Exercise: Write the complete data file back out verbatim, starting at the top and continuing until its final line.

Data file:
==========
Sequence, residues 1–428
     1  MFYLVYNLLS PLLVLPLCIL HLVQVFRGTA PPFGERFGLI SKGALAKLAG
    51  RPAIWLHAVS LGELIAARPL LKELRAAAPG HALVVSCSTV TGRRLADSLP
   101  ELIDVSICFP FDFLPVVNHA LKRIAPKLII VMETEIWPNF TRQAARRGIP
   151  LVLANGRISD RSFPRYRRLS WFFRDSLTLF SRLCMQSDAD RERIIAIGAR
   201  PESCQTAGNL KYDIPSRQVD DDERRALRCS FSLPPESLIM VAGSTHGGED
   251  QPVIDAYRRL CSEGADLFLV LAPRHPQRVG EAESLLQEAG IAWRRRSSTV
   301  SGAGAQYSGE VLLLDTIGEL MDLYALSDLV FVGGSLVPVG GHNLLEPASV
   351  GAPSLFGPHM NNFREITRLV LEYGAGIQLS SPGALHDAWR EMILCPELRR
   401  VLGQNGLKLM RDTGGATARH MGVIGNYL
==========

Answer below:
Sequence, residues 1–428
     1  MFYLVYNLLS PLLVLPLCIL HLVQVFRGTA PPFGERFGLI SKGALAKLAG
    51  RPAIWLHAVS LGELIAARPL LKELRAAAPG HALVVSCSTV TGRRLADSLP
   101  ELIDVSICFP FDFLPVVNHA LKRIAPKLII VMETEIWPNF TRQAARRGIP
   151  LVLANGRISD RSFPRYRRLS WFFRDSLTLF SRLCMQSDAD RERIIAIGAR
   201  PESCQTAGNL KYDIPSRQVD DDERRALRCS FSLPPESLIM VAGSTHGGED
   251  QPVIDAYRRL CSEGADLFLV LAPRHPQRVG EAESLLQEAG IAWRRRSSTV
   301  SGAGAQYSGE VLLLDTIGEL MDLYALSDLV FVGGSLVPVG GHNLLEPASV
   351  GAPSLFGPHM NNFREITRLV LEYGAGIQLS SPGALHDAWR EMILCPELRR
   401  VLGQNGLKLM RDTGGATARH MGVIGNYL